and

$\begin{array}[]{ll}\\ \displaystyle T(\alpha+\beta)&\displaystyle=\sum_{{\sigma\text{ emb. of }K}}% \sigma(\alpha+\beta)\\ \\ &\displaystyle=\sum_{{\sigma\text{ emb. of }K}}\sigma(\alpha)+\sigma(\beta)\\ \\ &\displaystyle=\prod_{{\sigma\text{ emb. of }K}}\sigma(\alpha)+\sum_{{\sigma% \text{ emb. of }K}}\sigma(\beta)\\ \\ &\displaystyle=T(\alpha)+T(\beta).\end{array}$

$\qed$

###### Theorem 2.

An algebraic integer $\varepsilon$ is a unit if and only if its absolute norm $N^{*}(\varepsilon)=\pm 1,$. Thus, the constant term in the minimal polynomial of an algebraic unit is always $\pm 1$.

###### Proof.

Let $K=\mathbb{Q}(\varepsilon)$. Since $\varepsilon$ is an algebraic integer, $d=[K\!:\!\mathbb{Q}]$ is finite. Let $\mathcal{O}_{K}$ denote the ring of integers of $K$.

If $N^{*}(\varepsilon)=\pm 1$, then let $f(x)\in\mathbb{Z}[x]$ be the minimal polynomial of $\varepsilon$ over $\mathbb{Q}$. Let $a_{1},\cdots,a_{{d-1}}\in\mathbb{Z}$ such that $\displaystyle f(x)=x^{d}+\sum_{{j=1}}^{{d-1}}a_{j}x^{j}\pm 1$. Then $\displaystyle 0=f(\varepsilon)=\varepsilon^{d}+\sum_{{j=1}}^{{d-1}}a_{j}% \varepsilon^{j}\pm 1$. Thus, $\displaystyle\varepsilon\left(\varepsilon^{{d-1}}+\sum_{{j=1}}^{{d-1}}a_{j}% \varepsilon^{{j-1}}\right)=\pm 1$. Since $\displaystyle\varepsilon^{{d-1}}+\sum_{{j=1}}^{{d-1}}a_{j}\varepsilon^{{j-1}}% \in\mathcal{O}_{K}$, it follows that $\varepsilon$ is a unit in $\mathcal{O}_{K}$.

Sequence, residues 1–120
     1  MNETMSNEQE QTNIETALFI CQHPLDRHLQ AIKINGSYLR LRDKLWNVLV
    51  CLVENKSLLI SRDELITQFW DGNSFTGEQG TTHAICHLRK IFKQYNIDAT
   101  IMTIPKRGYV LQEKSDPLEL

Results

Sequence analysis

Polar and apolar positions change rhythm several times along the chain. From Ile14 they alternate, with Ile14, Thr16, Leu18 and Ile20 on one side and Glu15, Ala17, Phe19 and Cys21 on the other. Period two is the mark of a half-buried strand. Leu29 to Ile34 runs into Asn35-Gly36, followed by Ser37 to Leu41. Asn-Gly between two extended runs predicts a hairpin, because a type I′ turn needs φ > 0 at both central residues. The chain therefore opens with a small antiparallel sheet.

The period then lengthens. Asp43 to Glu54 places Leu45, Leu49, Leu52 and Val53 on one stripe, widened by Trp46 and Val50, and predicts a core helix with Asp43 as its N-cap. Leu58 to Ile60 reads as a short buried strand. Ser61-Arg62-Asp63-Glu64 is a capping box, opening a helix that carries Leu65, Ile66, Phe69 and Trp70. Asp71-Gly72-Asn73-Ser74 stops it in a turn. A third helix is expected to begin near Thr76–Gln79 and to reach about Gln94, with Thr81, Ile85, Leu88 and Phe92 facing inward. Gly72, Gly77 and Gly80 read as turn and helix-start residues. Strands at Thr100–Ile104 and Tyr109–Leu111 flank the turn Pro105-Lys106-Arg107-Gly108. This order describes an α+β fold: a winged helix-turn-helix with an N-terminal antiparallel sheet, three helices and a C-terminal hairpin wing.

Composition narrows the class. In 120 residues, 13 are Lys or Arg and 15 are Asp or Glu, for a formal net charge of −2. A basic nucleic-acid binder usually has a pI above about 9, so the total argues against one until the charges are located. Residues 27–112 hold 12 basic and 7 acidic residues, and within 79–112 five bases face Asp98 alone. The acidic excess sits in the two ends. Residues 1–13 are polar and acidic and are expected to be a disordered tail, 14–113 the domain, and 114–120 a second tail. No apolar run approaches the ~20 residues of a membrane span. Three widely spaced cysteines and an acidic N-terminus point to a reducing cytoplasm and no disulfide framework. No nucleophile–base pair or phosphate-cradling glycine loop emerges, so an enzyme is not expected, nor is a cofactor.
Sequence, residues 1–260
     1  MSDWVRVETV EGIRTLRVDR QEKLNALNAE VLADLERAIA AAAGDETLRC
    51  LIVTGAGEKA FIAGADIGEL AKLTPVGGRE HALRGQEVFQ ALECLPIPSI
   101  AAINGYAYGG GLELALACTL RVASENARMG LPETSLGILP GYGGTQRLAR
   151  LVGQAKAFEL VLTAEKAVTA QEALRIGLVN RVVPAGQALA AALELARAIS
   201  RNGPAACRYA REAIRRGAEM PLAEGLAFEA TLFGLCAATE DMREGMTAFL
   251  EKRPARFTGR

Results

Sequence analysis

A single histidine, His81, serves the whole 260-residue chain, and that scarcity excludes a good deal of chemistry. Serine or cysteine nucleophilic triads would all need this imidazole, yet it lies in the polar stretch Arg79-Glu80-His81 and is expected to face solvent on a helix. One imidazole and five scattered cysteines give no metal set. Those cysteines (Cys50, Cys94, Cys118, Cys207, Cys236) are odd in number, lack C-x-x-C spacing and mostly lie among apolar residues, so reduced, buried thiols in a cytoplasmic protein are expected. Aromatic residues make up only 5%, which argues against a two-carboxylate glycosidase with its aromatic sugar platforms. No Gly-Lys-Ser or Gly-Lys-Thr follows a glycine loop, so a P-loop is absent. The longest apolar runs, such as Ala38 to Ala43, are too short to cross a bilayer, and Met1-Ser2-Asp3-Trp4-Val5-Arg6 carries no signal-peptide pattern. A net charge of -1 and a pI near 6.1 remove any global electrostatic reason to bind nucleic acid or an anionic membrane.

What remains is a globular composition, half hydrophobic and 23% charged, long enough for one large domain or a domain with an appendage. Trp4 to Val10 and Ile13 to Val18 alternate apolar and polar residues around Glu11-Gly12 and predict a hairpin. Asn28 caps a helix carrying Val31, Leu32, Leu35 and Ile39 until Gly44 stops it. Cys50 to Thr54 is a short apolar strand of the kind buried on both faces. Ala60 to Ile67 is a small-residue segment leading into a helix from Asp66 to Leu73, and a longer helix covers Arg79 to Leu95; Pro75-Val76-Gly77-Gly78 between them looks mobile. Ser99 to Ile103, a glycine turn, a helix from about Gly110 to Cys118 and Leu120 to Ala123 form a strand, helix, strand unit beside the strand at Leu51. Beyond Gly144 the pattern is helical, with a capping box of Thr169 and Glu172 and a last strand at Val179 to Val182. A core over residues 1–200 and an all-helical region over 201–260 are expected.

Conversely, let $\varepsilon$ be a unit in $\mathcal{O}_{K}$. Let $\upsilon\in\mathcal{O}_{K}$ with $\varepsilon\upsilon=1$. Since $N^{*}(\varepsilon)N^{*}(\upsilon)=N^{*}(\varepsilon\upsilon)=N^{*}(1)=1$ and $N^{*}(\varepsilon),N^{*}(\upsilon)\in\mathbb{Z}$, it follows that $N^{*}(\varepsilon)=\pm 1$. ∎

# References

- 1 Marcus, Daniel A. Number Fields. New York: Springer-Verlag, 1977.

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## Comments

## TeX problem

In the middle of this entry, I have the code:

\begin{proof}[Proof of theorem 1]

According to the PM Content and Style Guide, this is supposed to make "Proof of theorem 1." appear italicized, which is what I want. Instead, what is appearing is "Proof." italicized, then "[Proof of theorem 1]". How do I fix this?

## Re: TeX problem

It looks ok in page images mode, so maybe it's a PM problem. Perhaps rerendering might help.

## Re: TeX problem

Rerendering doesn't help, but it looks the way that I want it to in page images mode. Hmmm....

## Re: TeX problem

I forced the "Proof of theorem 1" to appear the way that I want it to, but now, in html mode only, there's some gibberish that appears just before the bibliography. Any ideas on how to fix this?

## Re: TeX problem

I don't know, but you might try removing the empty line between the last line of your proof and \end{proof}. At least this would mean the square would appear in the right place, and it might even do something to the weird text.

## Re: TeX problem

It put the square in the right spot (I didn't even notice that!), but the weird text is still there. :-( Any other advice?

## Eureka! QED

I finally figured it out! Since I made the "Proof of theorem 1" outside of the proof environment, I had put a \qed at the end of the proof. In order to avoid the "ARRAY&$!*#" stuff, I had to put \qed in math mode.

In any case, I'm so happy it's fixed now! Thanks silverfish for giving me suggestions.

$\qed$

Warren